Recumbent lying down Dorsal recumbency lying on the back also known as supine Ventral recumbency (sternal recumbency) lying on the belly also known as pron Left lateral recumbency lying on the left side Right lateral recumbency lying on the right side Dorsal or supine Sternal or ventral

Right lateral Left lateral MOVING ALONG . . . Adduction movement toward the midline Abduction movement away from the midline Flexion closure of a joint angle or reduction of the angle. Extension straightening of a joint or an increase in the angle between two bones * hyperflexion and hyperextension occur when the

joint is flexed or extended too far. CELLS . . . Cyte = cell Ology = study of * cytology = involves studying cell origin, structure, function and pathology Prot = first Plasm = formative material of cells * protoplasm = the cell membrane, cytoplasm, and nucleus

GENES . . . Genetic term used to denote something that pertains to genes or heredity. Genetic Disorder any inherited disease or condition caused by defective genes Congenital denotes something that is present at birth Anomaly deviation from what is regarded as normal (used instead of defect) Tissue . . . Hist/o = tissue Ology = study of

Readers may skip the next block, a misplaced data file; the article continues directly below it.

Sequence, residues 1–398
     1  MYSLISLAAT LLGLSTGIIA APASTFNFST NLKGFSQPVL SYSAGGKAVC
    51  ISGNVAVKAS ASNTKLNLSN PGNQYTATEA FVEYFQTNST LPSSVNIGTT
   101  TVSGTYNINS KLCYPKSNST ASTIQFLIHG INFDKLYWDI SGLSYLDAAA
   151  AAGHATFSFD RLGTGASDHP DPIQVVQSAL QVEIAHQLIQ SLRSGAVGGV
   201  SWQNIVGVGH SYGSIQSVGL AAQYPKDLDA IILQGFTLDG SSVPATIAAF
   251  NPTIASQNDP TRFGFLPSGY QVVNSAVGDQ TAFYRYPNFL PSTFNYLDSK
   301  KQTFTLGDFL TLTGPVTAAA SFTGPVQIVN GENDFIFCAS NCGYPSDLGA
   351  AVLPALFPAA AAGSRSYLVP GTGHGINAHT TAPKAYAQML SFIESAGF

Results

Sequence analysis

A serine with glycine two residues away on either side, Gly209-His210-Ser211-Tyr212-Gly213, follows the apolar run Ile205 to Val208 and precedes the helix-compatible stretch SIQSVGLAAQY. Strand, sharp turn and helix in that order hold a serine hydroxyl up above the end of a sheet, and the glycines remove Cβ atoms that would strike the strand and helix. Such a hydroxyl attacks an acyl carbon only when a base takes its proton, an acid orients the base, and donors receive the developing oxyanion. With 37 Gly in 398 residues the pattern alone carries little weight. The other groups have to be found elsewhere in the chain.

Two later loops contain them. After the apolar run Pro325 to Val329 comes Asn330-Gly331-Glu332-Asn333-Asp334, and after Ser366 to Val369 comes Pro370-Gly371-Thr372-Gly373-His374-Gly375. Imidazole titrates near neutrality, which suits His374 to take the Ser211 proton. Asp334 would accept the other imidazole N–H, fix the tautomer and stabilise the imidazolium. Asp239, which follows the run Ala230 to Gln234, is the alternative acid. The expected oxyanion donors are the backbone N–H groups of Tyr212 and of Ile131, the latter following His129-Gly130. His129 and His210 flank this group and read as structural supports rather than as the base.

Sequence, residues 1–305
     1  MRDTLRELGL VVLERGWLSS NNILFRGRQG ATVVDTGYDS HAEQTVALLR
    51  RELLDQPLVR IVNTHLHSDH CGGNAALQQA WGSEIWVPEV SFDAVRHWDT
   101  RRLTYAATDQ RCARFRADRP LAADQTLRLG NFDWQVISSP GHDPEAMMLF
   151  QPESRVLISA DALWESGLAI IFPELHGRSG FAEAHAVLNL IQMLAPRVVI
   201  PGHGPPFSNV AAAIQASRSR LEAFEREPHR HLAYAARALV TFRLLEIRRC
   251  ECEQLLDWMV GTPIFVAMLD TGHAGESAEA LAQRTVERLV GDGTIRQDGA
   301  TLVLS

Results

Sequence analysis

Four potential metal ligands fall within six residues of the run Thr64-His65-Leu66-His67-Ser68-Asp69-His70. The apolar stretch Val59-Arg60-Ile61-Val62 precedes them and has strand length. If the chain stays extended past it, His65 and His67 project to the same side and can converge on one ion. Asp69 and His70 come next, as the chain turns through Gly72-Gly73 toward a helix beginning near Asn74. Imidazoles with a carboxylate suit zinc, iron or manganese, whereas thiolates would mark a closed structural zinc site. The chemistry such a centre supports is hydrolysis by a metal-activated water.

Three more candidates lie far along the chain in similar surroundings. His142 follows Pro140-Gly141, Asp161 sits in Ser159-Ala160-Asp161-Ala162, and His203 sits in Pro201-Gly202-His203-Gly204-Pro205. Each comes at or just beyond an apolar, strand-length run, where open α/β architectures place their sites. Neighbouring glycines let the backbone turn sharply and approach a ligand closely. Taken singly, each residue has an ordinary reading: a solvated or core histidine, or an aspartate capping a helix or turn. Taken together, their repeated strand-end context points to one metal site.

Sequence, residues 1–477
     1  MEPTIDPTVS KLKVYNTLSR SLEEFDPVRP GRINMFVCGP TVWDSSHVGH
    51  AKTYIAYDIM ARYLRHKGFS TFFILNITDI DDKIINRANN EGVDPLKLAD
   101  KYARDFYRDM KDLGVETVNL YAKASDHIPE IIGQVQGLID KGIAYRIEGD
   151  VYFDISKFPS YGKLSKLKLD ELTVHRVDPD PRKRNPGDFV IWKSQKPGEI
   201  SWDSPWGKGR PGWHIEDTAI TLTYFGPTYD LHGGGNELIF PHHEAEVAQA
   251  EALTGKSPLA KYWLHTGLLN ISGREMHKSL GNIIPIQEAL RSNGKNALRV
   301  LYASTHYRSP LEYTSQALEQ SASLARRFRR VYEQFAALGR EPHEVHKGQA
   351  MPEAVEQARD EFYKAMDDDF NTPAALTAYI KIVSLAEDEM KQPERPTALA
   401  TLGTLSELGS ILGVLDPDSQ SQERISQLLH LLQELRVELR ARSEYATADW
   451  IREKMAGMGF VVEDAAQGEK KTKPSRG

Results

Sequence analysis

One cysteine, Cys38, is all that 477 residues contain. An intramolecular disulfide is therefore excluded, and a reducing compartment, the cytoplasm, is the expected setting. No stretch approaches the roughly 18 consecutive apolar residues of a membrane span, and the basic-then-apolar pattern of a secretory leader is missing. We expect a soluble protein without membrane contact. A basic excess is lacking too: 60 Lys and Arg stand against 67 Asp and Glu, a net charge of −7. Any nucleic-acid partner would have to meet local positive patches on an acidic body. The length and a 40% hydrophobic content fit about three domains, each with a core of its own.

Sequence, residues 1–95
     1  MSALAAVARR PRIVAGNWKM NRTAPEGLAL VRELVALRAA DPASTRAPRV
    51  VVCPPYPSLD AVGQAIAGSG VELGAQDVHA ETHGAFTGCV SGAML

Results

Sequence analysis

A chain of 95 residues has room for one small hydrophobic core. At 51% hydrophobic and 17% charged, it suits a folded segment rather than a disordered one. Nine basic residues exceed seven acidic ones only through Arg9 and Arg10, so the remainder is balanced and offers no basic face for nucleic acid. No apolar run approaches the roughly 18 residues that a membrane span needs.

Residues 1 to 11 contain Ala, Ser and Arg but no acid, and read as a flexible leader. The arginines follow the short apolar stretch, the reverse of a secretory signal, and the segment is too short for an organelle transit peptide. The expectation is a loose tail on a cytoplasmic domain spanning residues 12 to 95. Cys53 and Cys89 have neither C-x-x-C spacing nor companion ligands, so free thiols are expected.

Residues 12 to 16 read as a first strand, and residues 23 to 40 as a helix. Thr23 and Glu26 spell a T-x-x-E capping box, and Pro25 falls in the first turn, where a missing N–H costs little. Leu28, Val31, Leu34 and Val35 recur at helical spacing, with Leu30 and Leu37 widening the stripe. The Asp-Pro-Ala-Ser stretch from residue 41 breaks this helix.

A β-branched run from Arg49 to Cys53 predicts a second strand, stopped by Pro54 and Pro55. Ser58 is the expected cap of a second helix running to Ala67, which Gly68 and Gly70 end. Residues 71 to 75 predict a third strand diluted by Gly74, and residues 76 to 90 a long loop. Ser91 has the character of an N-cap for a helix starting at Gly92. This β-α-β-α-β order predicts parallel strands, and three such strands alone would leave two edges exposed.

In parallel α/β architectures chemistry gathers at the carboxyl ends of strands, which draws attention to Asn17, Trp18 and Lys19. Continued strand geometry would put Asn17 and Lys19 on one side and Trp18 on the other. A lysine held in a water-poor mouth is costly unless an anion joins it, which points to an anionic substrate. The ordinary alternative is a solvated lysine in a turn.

* histology = the study of structure, composition and function of tissue Tissue a group of specialized cells that are similar in structure and function Four types of tissue: 1. epithelial (epithelium) covers internal and external body surfaces and is made up of tightly packed cells a. Endothelium lining of the internal organs

b. Mesothelium covering that forms the lining of serous membranes such as the peritoneum 2. Connective - adds support and structure to the body by holding the organs in place and binding body parts together Examples: bone, cartilage, tendons, ligaments a. Adipose fat (connective) 3. Muscle contains cell material with the

specialized ability to contract and relax a. Skeletal b. Smooth c. cardiac 4. Nervous - contains cells with the specialized ability to react to stimuli and conduct electrical impulses -plasia = formation, development, growth and cell numbers